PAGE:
Steve McQueen: The Man & Le Mans

If you read the stories surrounding the production of the film Le Mans, the ill-fated Steve McQueen racing passion project, then it sounds like the production of Coppola’s Apocalypse Now. Both films went massively over budget and over schedule, accidents occurred, cast and crew members dropped out by the day etc. But the chief difference between them both is that Le Mans was a lot less organised, and that is saying a lot.

Principal photography for Le Mans began without a finished draft of the script, and for what the cast, the crew, and the drivers knew, they were just shooting reels and reels of cars lapping over and over. This had a part to play in the film flopping at the box office plus receiving a middling reception. But for filmmakers, Gabriel Clarke and John McKenna, this means more for them. They present the Hearts of Darkness to Le Mans in Steve McQueen: The Man & Le Mans, a feature-length documentary surrounding the production of the film and McQueen’s obsessive and dangerous desire for racing.

The film has a slick presentation, built from the ground up with archival photographs and footage, actual rushes from the film, interviews with several crew members working on the project and the cherry on top is audio of late-career McQueen talking about his regrets over making the film nearing his deathbed at the time. Weaved in-between is stock footage that works well enough to the film’s advantage. Often these encompass close-ups of passing gravel at high-octane speed or for little stories that beef up the pacing.

For example, after driving along a country road on a rainy night with two friends, Louise Edlind and Mario Iscovich, McQueen lost control of his car for not obeying the speed limit and crashed. The car was in shambles and Iscovich’s arm broke on impact, but McQueen and Edlind came out unscathed. Looking for local shelter, they found a car near a barn whom McQueen suggested to hot-wire, only for a French local to drive them off the land with a pack of dogs and a shotgun. Minus one injury, this unknown story never came to light because McQueen and Edlind didn’t have a scratch on them, so it allowed the actor to escape from any scrutiny.

Regardless of what people make of McQueen, whether he was a perfectionist with a heart of gold or a risk-taker who put his career on the line and several people’s lives in danger (the documentary does shed light on an accident which resulted in Formula One driver, David Piper, losing part of his leg during a very tricky shooting set-up). The film never ceases to paint McQueen as a person who still tried his hardest to get the project finished, no matter how much it cost him in the end. And even then, he still remained truthful to who he was in the light of things going horribly wrong such as Piper’s crash. During the final moments of the film, Piper is genuinely touched by an unseen letter from McQueen directed towards the film’s producers, urging that the proceeds from ticket sales go towards Piper’s treatment and recovery. Unfortunately, the producers ignored it and Piper never saw McQueen again.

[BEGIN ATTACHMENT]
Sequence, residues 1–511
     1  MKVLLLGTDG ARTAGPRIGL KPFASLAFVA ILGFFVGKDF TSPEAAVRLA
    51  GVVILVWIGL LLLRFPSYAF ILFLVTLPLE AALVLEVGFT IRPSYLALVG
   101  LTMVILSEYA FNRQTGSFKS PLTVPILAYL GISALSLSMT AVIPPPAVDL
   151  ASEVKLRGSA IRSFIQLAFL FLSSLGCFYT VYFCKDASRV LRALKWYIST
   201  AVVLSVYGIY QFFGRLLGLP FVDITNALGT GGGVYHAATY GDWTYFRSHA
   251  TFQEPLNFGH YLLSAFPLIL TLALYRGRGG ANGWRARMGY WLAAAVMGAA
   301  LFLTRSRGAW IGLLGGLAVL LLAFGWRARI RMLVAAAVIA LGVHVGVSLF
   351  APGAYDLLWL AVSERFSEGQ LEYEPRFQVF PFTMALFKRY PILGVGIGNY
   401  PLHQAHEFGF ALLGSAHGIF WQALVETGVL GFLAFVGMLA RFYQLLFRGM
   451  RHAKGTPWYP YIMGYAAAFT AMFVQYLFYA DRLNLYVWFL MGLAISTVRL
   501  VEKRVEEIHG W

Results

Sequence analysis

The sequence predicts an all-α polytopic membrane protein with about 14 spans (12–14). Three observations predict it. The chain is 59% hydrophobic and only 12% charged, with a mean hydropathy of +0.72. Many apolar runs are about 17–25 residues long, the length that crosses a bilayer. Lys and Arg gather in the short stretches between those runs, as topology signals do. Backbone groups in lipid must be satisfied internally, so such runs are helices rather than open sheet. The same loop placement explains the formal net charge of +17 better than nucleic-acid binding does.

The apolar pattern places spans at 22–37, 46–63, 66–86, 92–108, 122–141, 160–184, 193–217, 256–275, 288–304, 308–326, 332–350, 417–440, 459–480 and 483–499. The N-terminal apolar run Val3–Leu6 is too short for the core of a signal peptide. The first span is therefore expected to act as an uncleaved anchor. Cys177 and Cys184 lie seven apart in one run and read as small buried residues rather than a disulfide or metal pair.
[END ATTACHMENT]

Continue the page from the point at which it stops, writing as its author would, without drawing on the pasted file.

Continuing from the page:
But perhaps the biggest problem with The Man & Les Mans is that it doesn’t take many liberties in standing from any other typical making-of documentary. Yes, it provides a thorough and detailed account into what happened, but someone can gather it by reading the background information or by just watching the original film itself to get the hints into why it failed. On top of that, there are some oddball stories that don’t fit the narrative that the film is conveying and detract from the experience, such as McQueen winding up on a hit list by the notorious cult leader, Charles Manson. This small story states that McQueen was paranoid upon learning such terrifying news. But it doesn’t fit as a part of the jigsaw as neatly as it should. It feels like it was quickly mentioned in passing without proper development.

This relatively small and odd documentary on McQueen’s love for the sport and Les Mans’ troubled history appeals to two groups of fans. Those who are into racing sports such as Formula One, and those who are fans of “the King of Cool” himself. Whether you fall into either camp, you will be getting a fair share of knowledge, passion and the thrills and dangers of such a sport and a person. But most importantly, the film speaks to another audience despite having such a niche subject. It warns that whilst everyone should go out conquer their dreams, be ready when plans for said dreams slowly dissolve, sometimes this happens for nothing. McQueen learned these facts after the release of Les Mans, so it’s always important to have an alternative strategy.

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